Proving once again Ecclesiastes' claim that there's nothing new under the sun, this passable but forgettable actioner plays like a Proving once again Ecclesiastes' claim that there's nothing new under the sun, this passable but forgettable actioner plays like a techno-geek update of one of Humphrey Bogart's last films, the 1955 thriller The Desperate Hours, in which Bogey and his gang of criminals hold an all-American family hostage in their home. This time out, Harrison Ford plays Fredric March's old role of the desperate but intrepid father, but the stakes have definitely been raised: ruthless Paul Bettany wants Ford to use his computer skills to drain money from the bank Ford's an executive at so Bettany can donate millions and millions to the Salvation Army. (Just kidding.) One of Desperate Hours' most pungent throwaway moments came when the understandably stressed March, who was forced to continue going to his office as though nothing were going on at home, is asked by an observant co-employee if he's all right and if there's anything he can do, and March snaps, "You can mind your own business!" Such behavior, while understandable under the circumsatances, is nevertheless unpleasant to watch, and one of the main problems with Firewall is that Ford is forced to behave this way ALL MOVIE LONG. Despite this and an acutely been-there-done-that final confrontation that belies the intriguing technological hooks that precede it, this manages to be surprisingly watchable in light of all the Adventures In Unwatchability that Ford has bludgeoned us innocent moviegoers with over the past few years: What Lies Beneath, K:19 The Widowmaker, Sabrina, Hollywood Homicide and the spew-inducing Random Hearts. (Hell, in comparison to the last three, Firewall is Raiders of the Lost Ark and Witness combined!) The energetic music score by Alexandre Desplat, which often makes the movie seem more exciting than it is, helps a bit; a really appealing supporting performance by MaryLynn Rajskub (who constantly makes her arrogant character on TV's 24 surprisingly sympathetic and fun to watch) helps even more. Given how she's frequently treated in this film, both the character and the actress deserve a promotion and raise--and quick! Expand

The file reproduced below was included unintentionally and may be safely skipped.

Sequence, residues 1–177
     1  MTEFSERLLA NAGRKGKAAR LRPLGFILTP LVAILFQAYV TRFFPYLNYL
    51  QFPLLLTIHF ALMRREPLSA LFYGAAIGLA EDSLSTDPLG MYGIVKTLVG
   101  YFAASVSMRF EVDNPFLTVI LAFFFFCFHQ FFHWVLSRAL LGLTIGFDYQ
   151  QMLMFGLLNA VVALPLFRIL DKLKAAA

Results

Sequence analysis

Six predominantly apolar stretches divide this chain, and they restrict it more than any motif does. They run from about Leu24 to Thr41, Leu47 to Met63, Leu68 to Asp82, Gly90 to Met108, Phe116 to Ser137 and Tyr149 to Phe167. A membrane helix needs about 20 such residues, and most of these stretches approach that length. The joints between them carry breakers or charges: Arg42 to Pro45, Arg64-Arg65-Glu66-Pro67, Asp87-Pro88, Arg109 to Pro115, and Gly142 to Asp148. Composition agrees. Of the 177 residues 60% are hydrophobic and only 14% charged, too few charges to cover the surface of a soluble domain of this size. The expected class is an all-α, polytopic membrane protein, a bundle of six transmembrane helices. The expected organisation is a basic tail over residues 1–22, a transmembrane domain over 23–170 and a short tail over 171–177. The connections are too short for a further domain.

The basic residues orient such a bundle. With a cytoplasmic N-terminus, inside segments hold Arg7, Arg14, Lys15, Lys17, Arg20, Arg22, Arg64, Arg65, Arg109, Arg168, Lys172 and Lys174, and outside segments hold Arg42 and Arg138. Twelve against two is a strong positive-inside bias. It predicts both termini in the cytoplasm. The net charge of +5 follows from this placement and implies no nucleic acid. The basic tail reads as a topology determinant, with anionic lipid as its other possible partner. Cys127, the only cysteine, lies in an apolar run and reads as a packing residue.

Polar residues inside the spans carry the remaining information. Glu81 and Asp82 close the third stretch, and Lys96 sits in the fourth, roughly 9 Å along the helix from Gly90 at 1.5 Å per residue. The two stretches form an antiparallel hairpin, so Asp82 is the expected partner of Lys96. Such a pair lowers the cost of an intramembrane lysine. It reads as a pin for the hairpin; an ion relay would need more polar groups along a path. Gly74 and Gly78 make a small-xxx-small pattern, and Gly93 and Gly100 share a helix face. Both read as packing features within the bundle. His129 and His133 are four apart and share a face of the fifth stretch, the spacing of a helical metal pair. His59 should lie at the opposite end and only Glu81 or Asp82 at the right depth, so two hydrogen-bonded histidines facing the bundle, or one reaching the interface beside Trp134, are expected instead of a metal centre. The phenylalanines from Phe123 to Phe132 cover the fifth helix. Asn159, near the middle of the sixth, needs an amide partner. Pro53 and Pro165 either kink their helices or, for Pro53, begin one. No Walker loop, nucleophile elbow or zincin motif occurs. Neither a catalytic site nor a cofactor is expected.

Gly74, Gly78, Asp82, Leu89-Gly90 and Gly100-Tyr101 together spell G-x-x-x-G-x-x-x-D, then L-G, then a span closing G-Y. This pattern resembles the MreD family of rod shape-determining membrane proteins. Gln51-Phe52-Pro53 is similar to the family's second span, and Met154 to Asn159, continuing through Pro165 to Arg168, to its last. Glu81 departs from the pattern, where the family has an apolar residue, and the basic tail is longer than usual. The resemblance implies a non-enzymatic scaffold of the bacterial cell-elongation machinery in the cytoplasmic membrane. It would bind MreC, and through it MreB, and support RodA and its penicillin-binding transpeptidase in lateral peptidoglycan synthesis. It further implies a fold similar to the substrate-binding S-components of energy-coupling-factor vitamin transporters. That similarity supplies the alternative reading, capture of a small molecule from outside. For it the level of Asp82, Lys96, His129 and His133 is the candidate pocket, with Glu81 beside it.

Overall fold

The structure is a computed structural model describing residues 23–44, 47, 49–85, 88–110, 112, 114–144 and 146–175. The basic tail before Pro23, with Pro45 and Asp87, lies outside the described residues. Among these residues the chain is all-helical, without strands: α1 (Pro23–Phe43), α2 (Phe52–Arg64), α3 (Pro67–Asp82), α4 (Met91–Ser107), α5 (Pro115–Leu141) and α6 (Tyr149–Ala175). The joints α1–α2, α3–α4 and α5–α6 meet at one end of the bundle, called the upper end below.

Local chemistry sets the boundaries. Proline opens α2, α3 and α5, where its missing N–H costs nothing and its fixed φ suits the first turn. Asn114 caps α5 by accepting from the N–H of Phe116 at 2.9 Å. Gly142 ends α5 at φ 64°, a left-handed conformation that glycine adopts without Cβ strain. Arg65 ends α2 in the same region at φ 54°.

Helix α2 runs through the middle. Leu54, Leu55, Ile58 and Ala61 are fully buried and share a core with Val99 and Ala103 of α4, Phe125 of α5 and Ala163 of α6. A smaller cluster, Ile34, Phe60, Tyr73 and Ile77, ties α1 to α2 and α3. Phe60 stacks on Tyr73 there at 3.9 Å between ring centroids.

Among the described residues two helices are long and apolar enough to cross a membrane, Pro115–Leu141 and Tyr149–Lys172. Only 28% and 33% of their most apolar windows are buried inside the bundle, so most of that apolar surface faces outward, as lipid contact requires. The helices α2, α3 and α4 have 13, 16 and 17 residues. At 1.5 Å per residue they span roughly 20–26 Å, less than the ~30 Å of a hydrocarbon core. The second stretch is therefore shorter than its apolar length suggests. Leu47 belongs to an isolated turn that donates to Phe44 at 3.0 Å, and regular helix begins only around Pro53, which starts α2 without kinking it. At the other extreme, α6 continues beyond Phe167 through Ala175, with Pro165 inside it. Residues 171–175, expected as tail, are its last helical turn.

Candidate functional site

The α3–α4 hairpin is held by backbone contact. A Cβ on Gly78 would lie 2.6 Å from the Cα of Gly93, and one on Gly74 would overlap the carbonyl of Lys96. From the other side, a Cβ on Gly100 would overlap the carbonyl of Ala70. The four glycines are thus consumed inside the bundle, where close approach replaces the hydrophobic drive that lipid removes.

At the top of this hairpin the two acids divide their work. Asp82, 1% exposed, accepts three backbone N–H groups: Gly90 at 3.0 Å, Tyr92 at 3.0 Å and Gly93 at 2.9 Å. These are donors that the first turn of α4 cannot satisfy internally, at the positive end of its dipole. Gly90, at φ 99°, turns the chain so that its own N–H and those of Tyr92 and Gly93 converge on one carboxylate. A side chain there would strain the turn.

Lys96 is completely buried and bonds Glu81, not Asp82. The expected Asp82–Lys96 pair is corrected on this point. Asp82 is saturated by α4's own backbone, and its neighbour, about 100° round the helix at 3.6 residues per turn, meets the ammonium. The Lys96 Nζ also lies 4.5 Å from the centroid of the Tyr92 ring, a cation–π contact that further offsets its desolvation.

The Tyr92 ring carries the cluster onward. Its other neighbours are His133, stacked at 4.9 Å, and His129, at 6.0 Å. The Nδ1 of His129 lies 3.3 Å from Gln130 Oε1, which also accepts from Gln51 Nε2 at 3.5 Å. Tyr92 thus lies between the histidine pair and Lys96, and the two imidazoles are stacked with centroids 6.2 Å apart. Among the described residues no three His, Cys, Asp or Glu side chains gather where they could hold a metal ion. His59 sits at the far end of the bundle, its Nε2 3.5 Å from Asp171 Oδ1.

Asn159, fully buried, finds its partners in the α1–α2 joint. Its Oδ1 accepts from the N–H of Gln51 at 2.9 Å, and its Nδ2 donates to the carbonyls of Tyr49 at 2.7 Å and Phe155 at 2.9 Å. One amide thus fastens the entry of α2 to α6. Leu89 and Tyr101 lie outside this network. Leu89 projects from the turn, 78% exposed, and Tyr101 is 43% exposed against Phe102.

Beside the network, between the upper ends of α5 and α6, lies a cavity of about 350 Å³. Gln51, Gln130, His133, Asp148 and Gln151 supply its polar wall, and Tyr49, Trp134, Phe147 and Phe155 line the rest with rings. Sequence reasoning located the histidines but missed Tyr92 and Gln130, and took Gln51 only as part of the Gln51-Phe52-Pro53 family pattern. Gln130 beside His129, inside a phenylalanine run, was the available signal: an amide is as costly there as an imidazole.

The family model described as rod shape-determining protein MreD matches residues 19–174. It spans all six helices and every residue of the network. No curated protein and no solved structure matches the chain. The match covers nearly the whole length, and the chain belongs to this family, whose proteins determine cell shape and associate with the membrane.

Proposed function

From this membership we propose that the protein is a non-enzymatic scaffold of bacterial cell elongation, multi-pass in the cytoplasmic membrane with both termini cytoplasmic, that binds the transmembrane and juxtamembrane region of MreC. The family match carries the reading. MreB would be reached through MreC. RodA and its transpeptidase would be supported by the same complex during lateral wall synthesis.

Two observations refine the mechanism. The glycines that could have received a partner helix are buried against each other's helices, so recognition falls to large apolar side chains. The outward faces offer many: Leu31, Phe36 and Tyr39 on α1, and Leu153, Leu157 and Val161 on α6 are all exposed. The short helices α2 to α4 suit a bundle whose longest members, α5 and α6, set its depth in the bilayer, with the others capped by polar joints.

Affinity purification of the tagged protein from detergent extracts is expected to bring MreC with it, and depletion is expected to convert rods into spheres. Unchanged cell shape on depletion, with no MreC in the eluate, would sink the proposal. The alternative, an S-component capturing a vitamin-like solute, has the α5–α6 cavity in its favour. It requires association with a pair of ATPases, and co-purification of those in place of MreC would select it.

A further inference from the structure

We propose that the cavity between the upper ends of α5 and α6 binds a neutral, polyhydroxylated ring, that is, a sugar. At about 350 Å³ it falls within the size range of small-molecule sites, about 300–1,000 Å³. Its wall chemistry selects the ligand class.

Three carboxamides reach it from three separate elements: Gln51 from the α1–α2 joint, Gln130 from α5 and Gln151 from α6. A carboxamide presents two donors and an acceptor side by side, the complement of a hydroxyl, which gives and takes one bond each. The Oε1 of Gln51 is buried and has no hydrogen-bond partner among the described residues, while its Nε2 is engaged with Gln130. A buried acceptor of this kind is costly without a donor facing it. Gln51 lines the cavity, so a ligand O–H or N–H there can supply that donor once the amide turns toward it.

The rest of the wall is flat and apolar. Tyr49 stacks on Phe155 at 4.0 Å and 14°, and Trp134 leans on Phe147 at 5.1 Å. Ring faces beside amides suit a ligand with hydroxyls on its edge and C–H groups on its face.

5. StuartG
    Mar 1, 2008
    5
    Ford will die in this role but he's what keeps the often hard- to- swallow story plodding forward-- at times it is suspenseful. Ford will die in this role but he's what keeps the often hard- to- swallow story plodding forward-- at times it is suspenseful. Technology is the other familiar character (no nomination here however). Expand
  6. B.S.
    Feb 25, 2006
    5
    It could only be concidered fair. There were a lot of bizzarre (seemingly unintentional) red herrings introduced that simply should not have It could only be concidered fair. There were a lot of bizzarre (seemingly unintentional) red herrings introduced that simply should not have been. The family is set up as being rowdy and seemingly dissobediant. And yet this doesn't remotely play into the plot. The scene structure is so by the numbers it's almost funny. Everything in the first act of the movie is introduced so as to be used later in the problems solution. It'd almost like to watch it again to see just how many things show up exactly twice. Once for establsihment and the other to aid in the solution. Expand
  7. EdwardV.
    Jun 11, 2006
    0
    The worst movie Harrison Ford has ever starred in. A total , boring, contrived waste of time. Never been so disappointed. It started out as a The worst movie Harrison Ford has ever starred in. A total , boring, contrived waste of time. Never been so disappointed. It started out as a mundane thriller, and just turned stupid about halfway through. All emotion was way overplayed, as if something interesting or exciting was happening. Ford's presence alone couldn't save this useless flop of a movie. Expand

See all 29 User Reviews